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I had a great day.
Put on about 150 miles riding around the country looking for Geocaches with my GPS. I found 9 this PM. This is only the second time I've tried searching for Geocaches. I only found one when I went out in January.

I saw about 40 deer, over 20 wild turkeys, several hawks, 2 bald eagles, sandhill cranes, lots of ducks and geese, and some moose poop. :shock: :lol:

If you have a GPS (esp a Garmin - on my Vista HCX, I can download the cache locations directly into my GPS ) you should give geocaching a try. It is a fun outdoor family activity for all ages.

Go to Geocaching.com. Plug in your zip code in the upper right corner, and see how many geocaches are hidden near you. I was amazed. 8)

A basic membership is free! If you create an account on geocaching.com we'll let you know when new caches are hidden in your area. You'll also have the ability to log your finds online to share your experience with the rest of the community.
Some are small...



Some are large...



Enjoy!
 

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Hi Snorky, I have done that a few times with my GPSMAP 76C, but on a bicycle. Gotta do something to keep the pounds in check :lol: Lots of fun for sure, with the motorcycle I can reach points farther out.

Cheers,
Moe
 

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I've done it once in a while for the last couple of years. It's a good excuse to go for a walk in the woods. I think I have about 50 finds.
 

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Toe Knee said:
anyone want to explain? :?
+1 I'm glad it wasn't just me.
 

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Let's see if I can explain it in as few sentences as possible.

There are these liddle hidden packages from the size of prescription bottles to ammo containers hidden all over the world. Their lat/long coordinates are available at the geocaching site mentioned above, along with some hints about the individual packages (or caches). You take your GPS device--usually a handheld one, not the kind in your car--and hike through the woods/fields/parks/cities to find them.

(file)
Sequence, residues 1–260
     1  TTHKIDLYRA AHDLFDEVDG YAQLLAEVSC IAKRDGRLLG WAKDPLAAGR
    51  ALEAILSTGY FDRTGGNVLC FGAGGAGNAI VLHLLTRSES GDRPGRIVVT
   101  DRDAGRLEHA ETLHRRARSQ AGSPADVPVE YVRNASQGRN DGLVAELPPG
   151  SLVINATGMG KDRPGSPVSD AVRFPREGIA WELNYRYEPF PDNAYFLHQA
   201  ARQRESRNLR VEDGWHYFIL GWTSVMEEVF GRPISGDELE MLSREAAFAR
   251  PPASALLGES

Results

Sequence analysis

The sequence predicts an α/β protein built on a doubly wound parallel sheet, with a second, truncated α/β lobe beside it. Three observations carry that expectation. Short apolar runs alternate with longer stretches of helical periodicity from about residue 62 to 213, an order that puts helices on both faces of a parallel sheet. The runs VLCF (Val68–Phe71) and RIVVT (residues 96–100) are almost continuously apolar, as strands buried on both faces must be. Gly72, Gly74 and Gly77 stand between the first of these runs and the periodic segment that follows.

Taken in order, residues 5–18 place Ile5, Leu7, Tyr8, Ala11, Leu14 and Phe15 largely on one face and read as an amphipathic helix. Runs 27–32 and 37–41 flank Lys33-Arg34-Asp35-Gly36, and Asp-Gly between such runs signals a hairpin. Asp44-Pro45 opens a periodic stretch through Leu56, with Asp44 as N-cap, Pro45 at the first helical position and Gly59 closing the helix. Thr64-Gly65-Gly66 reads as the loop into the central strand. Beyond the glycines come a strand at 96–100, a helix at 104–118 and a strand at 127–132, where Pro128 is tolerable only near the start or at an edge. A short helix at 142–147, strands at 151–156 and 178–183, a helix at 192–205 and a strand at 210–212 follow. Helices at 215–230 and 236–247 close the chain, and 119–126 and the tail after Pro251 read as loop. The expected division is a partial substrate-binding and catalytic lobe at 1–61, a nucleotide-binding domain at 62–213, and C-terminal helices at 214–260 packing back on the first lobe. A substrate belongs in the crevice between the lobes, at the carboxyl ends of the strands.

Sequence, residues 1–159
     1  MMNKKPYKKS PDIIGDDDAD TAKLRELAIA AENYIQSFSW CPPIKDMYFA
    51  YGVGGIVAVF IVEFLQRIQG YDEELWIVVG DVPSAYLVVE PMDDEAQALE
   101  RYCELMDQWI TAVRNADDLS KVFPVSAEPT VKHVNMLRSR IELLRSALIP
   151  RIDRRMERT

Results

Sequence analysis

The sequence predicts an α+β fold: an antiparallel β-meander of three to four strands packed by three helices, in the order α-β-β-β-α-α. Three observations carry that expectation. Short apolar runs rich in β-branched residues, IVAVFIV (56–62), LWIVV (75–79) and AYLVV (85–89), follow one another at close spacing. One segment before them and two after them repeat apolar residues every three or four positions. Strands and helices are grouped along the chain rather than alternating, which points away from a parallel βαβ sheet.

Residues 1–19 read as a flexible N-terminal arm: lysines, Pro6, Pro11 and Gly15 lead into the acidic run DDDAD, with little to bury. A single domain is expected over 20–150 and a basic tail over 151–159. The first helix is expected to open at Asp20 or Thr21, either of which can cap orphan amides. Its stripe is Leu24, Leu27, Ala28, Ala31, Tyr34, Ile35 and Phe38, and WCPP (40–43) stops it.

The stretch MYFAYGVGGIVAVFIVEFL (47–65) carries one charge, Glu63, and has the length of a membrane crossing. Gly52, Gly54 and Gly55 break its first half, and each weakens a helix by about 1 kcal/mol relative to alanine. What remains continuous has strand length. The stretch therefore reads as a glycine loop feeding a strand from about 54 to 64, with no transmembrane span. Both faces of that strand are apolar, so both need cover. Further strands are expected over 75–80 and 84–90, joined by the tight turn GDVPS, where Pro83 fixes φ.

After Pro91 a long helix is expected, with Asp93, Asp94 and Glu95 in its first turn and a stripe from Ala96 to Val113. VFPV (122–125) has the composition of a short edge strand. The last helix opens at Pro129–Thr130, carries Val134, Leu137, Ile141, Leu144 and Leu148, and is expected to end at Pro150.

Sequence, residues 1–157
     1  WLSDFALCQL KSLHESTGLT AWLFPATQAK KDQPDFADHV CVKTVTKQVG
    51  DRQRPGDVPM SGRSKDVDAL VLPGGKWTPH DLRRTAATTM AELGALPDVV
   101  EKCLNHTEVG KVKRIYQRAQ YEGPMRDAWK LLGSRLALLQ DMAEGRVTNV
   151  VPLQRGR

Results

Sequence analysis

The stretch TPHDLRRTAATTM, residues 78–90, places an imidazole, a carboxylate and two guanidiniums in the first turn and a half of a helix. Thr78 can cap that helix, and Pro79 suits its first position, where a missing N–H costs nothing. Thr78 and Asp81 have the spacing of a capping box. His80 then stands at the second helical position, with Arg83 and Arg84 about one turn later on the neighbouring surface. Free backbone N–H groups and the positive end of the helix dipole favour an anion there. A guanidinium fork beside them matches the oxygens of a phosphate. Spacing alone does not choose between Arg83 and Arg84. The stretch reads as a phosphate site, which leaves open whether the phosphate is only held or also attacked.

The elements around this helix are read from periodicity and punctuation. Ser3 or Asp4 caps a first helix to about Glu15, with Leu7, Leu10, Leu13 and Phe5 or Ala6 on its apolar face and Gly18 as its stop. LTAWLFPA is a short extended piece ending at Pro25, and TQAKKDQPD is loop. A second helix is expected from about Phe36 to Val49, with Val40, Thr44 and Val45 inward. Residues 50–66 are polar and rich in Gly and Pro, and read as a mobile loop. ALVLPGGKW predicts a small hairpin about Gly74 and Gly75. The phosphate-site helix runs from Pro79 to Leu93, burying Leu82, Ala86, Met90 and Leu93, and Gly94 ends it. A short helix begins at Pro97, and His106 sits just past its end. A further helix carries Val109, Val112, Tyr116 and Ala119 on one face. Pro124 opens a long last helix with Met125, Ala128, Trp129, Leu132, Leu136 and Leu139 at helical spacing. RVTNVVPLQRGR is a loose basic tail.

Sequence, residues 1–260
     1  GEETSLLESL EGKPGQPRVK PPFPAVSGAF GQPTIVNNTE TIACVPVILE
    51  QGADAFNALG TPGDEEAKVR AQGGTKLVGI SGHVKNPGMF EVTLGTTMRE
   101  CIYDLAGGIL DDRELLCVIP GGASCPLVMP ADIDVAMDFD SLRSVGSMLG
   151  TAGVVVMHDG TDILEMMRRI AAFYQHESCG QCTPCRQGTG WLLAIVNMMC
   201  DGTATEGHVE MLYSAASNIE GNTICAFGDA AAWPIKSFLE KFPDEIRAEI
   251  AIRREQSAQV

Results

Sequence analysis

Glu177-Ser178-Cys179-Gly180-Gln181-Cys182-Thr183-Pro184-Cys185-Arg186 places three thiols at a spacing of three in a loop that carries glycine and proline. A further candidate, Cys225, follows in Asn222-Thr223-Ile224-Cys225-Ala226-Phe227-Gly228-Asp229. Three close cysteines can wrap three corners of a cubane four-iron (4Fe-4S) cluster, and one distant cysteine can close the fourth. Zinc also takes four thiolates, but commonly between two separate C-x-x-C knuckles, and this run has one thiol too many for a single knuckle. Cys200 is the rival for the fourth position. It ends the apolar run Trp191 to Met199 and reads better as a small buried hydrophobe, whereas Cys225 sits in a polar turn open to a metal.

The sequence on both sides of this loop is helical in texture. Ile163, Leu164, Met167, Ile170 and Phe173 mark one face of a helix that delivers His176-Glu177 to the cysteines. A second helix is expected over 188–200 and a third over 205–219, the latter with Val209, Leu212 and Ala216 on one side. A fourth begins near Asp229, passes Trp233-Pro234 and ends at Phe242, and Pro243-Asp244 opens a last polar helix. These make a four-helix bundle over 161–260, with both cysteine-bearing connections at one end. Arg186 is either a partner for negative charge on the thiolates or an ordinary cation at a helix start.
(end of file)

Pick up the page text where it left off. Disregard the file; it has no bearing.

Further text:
Typical protocol is you sign a notebook contained in the cache. You can also take and/or leave something in the cache as well.

There are hundreds of thousands of these things, and some have incresing complexity--i.e. one leads you to another to another, etc.

It's kind of like a high-tech treasure hunt. But the motorcycle part of it, as far as I can tell, is only related in terms of how you get to your starting point of your search for the particular cache you're looking for.

It may sound a bit silly, but its kind of fun. Kid-friendly, and a good way to get outside.
 

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got it. I heard about this a few years ago. So you would need a lon/lat type of gps.

Sounds like fun. Do you ever find a cooler filled with beer or something like that? If so I'm buying a hand held unit after work!

LOL
 

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Tony, most GPS units show Lon/Lat, but the ones made for traffic do not have sufficient features and some of them are not even waterproof. Like Snorky said, the handheld Garmin GPS units are top of the line for this activity, that's why I would never give up the GPSMAP 76C (now replaced by the 76CSx with magnetic compass built in and a lot more memory). Those units float in water (I used it on my boats when I still had one) and simply do everything (except talk to you). Very sturdy/dependable.

The GPSMAP series has a Geocache function where you can download locations and keep track of your finds etc.

Cheers,
Carsten
 

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It is and another good excuse or reason to get out there :wink: I use my unit on the motorcycle, the bicycle, the car and hiking. Got the RAM mount, too. It even shows best fishing/hunting times for any given location, tidal info, moon phase, calendar, calculator, stop watch ... for less than half of a Zumo (which is way too application specific for it's price. Yes, great on the bike but useless for geocaching, fishing, etc.) Plus you can load Mapsource Maps, which include major points of interest, U.S. Cities and Highways, Topography, BlueChart (for boating)... endless possibilites...
 

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You know, this actually CAN be done with some of those old fashioned thingies. I think they were called maps and compasses. We used to do it in boy scouts when I was a kid. Probably a lost art now. Sign of the techy times. Gotta admit, it sounds fun with the GPS though!